- August 24, 2015
Sarasota County’s international artist oasis the Hermitage Artist Retreat, located on Manasota Key in Englewood, FL, is receiving a new leader to search for the most talented mid-career musicians, playwrights and musicians deserving of the Hermitage’s six-week artistic residency. Emily Mann, the current artistic director and resident playwright of the McCarter Theatre Center in Princeton, NJ, will head the Hermitage's National Artist Advisory Committee. Mann is replacing Joseph V. Melillo, the executive producer at the Brooklyn Academy of Music, who has led the committee since the Hermitage began acting as a formal artistic retreat in 2005.
The organization’s national artist advisory committee is comprised of more than a dozen leading artistic directors and leaders from around the country who are responsible for inviting national and international artists to the Hermitage. A residency at the Hermitage is only through nomination by the advisory committee. There is no open application process. So, the composition and leadership of the committee is integral to maintaining a high quality of artistic excellence for the Hermitage’s future resident artists.
Mann first became involved with the Hermitage as a member of the 2014 Greenfield Prize jury, which awarded the prize that year to playwright Nilo Cruz. Mann directed Cruz’s Pulitzer Prize-winning play “Anna in the Tropics” on Broadway in 2003.
“Her being at the Hermitage then and understanding our full role of understanding and helping artists brought her into our organization,” says Bruce Rodgers, executive director of the Hermitage. “When we were talking about evolving this committee we thought Emily would be the perfect person to bring fresh insight and perspective to the organization.”
According to Rodgers, it was Melillo and he who began looking for the former's replacement as head of the advisory committee. Melillo will stay with the Hermitage in an emeritus role, but going forward Rodgers says that there will be term limits on how long one can stay on the advisory committee so as to bring fresh perspective and opinions to the Hermitage and thus affecting the artists that will be invited in the future. And when Rodgers and Melillo began looking, he says only one person came to mind: Emily Mann.
“She knows a lot about theater and art and his highly respected,” says Rodgers. “She is an artist that has the respect of everyone else on the committee and national respect from the greater community of artists.”
Mann has the artistic background and creative resume worthy to take the reigns from founding committee director Melillo. She has served as the artistic director of the Tony Award-winning McCarter Theatre Center for over 25 years and has help produce over 200 productions. She wrote the play “Having Our Say,” which premiered at the McCarter Theatre before it moved to Broadway in 1995, which earned her a Tony Award-nomination for best direction of a play.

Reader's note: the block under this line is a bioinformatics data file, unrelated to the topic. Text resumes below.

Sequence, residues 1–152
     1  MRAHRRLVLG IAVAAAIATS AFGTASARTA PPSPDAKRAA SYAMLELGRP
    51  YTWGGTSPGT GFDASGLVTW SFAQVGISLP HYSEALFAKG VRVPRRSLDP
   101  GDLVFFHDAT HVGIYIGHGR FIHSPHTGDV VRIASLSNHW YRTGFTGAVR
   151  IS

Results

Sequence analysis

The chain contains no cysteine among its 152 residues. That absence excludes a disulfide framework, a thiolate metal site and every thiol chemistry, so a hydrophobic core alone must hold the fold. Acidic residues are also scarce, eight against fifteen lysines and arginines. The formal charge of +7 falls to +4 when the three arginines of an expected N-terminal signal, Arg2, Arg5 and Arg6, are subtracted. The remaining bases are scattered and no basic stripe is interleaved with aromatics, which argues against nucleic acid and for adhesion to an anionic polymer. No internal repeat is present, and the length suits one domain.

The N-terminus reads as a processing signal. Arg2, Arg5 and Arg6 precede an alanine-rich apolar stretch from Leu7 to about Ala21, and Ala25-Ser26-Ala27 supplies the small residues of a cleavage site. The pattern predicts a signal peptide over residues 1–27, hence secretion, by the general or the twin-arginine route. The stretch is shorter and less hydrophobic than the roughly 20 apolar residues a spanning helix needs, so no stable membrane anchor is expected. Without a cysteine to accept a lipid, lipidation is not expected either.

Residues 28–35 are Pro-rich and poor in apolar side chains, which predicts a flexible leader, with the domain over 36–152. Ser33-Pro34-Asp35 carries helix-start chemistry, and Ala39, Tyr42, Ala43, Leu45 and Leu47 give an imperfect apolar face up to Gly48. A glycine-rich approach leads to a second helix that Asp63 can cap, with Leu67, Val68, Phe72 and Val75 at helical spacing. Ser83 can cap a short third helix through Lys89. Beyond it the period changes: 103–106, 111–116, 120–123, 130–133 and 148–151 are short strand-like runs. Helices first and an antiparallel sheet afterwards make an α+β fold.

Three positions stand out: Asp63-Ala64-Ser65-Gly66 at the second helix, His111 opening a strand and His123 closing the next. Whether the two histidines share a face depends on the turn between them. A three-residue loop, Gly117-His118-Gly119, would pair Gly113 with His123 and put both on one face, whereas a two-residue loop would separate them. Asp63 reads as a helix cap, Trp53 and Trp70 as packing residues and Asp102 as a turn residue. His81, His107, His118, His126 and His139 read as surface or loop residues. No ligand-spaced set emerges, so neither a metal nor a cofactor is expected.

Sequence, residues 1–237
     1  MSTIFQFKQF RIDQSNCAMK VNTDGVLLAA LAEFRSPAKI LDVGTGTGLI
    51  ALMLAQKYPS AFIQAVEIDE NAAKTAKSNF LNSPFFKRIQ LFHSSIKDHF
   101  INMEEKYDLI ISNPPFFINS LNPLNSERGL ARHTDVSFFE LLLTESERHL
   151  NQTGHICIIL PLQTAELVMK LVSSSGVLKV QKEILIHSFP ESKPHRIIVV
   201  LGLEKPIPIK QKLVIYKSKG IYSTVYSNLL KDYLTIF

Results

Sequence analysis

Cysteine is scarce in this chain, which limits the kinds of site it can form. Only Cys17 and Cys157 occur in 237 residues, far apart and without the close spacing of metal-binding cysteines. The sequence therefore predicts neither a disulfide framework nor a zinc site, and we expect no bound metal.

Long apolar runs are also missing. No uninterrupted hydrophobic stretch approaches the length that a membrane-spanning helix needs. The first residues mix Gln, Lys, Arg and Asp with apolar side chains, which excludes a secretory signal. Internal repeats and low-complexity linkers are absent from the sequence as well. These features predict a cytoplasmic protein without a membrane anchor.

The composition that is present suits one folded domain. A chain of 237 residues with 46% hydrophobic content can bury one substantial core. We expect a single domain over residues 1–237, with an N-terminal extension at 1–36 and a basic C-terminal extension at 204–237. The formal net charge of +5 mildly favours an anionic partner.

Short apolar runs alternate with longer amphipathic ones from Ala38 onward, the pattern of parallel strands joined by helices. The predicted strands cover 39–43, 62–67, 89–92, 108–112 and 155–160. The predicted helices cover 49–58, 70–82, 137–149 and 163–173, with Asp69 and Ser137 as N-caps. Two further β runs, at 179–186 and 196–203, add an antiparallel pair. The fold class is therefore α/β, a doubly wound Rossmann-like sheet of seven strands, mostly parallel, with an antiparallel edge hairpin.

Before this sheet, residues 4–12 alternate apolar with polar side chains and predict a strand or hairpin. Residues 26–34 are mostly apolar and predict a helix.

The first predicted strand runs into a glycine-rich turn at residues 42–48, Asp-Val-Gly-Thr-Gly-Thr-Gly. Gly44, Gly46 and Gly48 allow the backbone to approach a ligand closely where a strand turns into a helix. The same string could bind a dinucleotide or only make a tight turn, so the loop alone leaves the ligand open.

Other theatrical accomplishments include accepting the Tony Award for best play for Christopher Durang’s “Vanya and Sonia and Masha and Spike,” which was originally produced and developed at the McCarter Theatre. Mann has also adapted three of Anton Chekhov’s plays (“Uncle Vanya,” “The Cherry Orchard,” and “The Seagull”). She has received the Dramatists Guild Hull-Warriner Award, which is an annual award given to playwrights whose work deals with difficult religious, political or social subjects. She is the recipient of an honorary doctorate of arts from Princeton University (the home of the McCarter Theatre Center). She also received the National Theatre Conference’s 2011 Person of the Year honors.
More recently, Mann has adapted Ingmar Bergman’s “Scenes from a Marriage” to the stage, which premiered in September 2014 at New York Theatre Workshop. And just this year, Mann received the 2015 Margo Jones Award from The Ohio State University for having achieved “a significant impact, understanding and affirmation of the craft of playwriting, with a lifetime commitment to the encouragement of the living theatre.” Previous recipients of the award include such theater luminaries as Lucille Lortel, Joseph Papp, Jon Jory, Lloyd Richards, George C. White, Bill Rauch and Christopher Durang and Marsha Norman.
“I have invited to make this process her own,” says Rodgers. “We’ll see what exactly that means and she’ll make it her own in collaboration with us. Those kinds of changes are good for any organization. We’re excited to see the Hermitage evolve.”